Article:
PHOENIX -- As an up-and-coming free-agent point guard, Marcus Banks could have found a team that was willing to guarantee him a starting job.
"He thought I was crazy," said the 24-year-old Banks, who left the Minnesota Timberwolves to sign a $21 million, five-year contract with Phoenix. "I just felt it would be a great opportunity. We just looked at the best opportunity. I'm not a selfish guy at all. I don't mind playing behind Steve Nash."
It also helped that Banks lives in Las Vegas, an hour's flight away. He played college ball at the University of Nevada in Las Vegas.
The Suns had scouted Banks but assumed he would be out of their price range because he could command a starter's salary. They were surprised when Higgins contacted them and said Banks had his sights set on Phoenix instead.
"It's a tribute to Marcus and his desire to win that he wanted to do that," said David Griffin, the Suns' vice president of basketball operations.
Originally drafted 13th overall by Memphis in 2003, Banks was traded to Boston in a multi-player deal. He has averaged 6.5 points and 2.5 assists per game in three seasons with Boston and Minnesota.
The 6-foot-2 Banks' strength is defense; he shoots 42.7 percent from the floor and 33.7 percent from 3-point range.
Phoenix is an offense-oriented team, but the Suns believe Banks' speed and defense make him a good fit for a club that has reached the Western Conference finals two years in a row. The club expects Banks to ease the load for Nash, who averaged a career-high 35.4 minutes per game last season.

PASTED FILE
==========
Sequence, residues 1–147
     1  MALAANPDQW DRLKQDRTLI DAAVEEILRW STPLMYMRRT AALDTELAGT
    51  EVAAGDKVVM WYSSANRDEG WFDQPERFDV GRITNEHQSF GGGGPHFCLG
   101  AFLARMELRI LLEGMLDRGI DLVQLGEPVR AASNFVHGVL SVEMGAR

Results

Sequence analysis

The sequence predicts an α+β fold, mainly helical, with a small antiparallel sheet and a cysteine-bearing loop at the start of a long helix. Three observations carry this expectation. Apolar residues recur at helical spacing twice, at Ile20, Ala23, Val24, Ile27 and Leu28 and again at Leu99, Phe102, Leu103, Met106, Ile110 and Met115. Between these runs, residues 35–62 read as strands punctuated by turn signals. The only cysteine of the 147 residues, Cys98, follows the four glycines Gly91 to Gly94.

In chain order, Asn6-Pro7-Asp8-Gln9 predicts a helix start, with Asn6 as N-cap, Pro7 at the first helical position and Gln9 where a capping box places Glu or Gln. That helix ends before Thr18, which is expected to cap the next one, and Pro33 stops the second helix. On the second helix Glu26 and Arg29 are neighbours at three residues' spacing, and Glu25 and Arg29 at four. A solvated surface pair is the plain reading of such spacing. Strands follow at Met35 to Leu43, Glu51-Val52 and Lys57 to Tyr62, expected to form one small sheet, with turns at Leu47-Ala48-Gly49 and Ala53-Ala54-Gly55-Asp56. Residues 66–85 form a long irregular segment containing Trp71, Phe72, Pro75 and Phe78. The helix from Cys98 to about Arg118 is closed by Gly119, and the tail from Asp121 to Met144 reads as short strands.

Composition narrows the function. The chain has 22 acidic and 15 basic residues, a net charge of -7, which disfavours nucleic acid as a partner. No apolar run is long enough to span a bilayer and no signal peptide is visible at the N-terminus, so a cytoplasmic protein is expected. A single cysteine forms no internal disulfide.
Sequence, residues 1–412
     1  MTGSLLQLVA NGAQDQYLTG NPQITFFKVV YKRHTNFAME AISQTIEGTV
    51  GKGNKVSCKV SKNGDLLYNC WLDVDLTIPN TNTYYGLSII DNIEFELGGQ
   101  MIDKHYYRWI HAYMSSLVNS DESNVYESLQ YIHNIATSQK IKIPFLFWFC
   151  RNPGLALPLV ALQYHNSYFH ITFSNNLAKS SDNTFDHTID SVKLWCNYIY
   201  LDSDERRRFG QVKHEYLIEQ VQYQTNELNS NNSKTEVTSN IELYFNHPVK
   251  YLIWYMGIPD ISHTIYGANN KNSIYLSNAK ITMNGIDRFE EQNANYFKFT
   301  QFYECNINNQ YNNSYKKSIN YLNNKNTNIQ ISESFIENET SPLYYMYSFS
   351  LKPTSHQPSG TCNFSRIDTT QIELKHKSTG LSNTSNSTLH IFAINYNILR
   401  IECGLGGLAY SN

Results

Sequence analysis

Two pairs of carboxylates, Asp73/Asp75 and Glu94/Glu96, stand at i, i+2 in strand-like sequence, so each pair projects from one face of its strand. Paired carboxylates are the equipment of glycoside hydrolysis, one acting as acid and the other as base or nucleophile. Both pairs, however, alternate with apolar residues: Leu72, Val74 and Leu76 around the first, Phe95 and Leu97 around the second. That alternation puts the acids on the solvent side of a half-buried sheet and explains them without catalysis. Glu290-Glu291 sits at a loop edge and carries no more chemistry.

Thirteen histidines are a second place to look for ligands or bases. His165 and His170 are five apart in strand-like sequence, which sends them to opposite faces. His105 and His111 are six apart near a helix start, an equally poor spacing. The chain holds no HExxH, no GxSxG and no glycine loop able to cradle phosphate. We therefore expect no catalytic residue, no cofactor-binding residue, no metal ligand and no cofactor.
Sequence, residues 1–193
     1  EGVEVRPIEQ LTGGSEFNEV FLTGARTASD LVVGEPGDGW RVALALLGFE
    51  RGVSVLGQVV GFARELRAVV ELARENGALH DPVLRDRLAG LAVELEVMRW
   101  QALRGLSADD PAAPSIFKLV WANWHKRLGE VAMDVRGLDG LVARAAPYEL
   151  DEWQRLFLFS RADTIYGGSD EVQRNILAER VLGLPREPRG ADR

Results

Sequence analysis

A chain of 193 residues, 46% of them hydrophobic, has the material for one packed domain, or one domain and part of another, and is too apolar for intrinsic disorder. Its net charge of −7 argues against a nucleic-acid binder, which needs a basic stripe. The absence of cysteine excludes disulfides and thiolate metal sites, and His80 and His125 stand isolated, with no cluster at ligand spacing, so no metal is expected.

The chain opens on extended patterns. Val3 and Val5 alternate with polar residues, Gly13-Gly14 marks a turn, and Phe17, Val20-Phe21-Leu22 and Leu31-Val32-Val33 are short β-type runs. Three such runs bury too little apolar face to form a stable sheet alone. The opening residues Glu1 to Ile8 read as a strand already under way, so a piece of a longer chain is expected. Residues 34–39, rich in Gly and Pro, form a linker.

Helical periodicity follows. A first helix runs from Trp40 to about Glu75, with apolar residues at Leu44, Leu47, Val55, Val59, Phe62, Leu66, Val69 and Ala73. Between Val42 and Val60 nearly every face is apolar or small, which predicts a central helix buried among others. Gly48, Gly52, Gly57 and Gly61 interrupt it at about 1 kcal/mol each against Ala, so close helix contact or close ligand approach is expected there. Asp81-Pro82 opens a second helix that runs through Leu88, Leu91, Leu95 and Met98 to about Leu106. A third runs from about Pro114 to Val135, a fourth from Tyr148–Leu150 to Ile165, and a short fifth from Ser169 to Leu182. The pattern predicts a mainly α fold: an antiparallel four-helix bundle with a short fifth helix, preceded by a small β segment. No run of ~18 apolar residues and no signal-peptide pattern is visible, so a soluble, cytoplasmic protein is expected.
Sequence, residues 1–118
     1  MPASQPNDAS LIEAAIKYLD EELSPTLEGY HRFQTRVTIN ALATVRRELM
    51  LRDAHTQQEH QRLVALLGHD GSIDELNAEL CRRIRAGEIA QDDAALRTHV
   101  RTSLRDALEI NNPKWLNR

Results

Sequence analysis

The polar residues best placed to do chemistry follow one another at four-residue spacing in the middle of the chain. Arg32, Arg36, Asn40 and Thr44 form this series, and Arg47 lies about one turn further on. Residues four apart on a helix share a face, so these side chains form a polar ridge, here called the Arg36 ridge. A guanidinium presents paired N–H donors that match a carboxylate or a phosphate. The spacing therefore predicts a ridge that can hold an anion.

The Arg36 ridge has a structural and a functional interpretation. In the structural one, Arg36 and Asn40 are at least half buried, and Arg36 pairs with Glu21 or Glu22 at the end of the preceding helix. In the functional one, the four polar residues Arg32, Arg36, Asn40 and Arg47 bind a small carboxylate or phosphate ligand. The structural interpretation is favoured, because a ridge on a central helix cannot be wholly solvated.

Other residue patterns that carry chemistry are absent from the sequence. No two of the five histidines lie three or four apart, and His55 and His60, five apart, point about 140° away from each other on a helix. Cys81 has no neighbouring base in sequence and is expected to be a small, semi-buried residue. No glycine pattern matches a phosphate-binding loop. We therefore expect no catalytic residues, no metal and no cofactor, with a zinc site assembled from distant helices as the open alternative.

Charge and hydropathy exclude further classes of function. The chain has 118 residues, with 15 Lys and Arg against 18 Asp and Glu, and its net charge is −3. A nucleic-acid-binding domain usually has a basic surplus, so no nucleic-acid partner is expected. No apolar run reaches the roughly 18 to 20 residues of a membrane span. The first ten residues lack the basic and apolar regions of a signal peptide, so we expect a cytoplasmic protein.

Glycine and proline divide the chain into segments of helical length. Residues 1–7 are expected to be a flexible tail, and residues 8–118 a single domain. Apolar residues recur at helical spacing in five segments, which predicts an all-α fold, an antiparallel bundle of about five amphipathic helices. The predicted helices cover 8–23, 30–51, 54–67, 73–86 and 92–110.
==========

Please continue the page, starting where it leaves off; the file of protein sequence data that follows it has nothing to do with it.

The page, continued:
"Every facet of his game is improved, and at 24 years of age, we feel like he's just starting to scratch the surface of what he can do in terms of his talent level, and his fit with our system is just spectacular," Griffin said.
The Suns said before the offseason began that they are content with their core players and they hope Amare Stoudemire will regain his dominant form after missing most of last year with knee injuries.
"You see other teams out there doing a lot of things, but if you really look at our top seven or our top eight, we're pretty good," managing partner Robert Sarver said. "We did pretty well last year, and we were missing really one or maybe two of them. I think this pretty much takes care of it.
"We stayed the course," Sarver said. "We're on a mission here for the next few years to win a championship, and we think we have the pieces to do it. We may not have made a lot of moves, but we also didn't snatch defeat out of the jaws of victory either. I feel really good where we're at."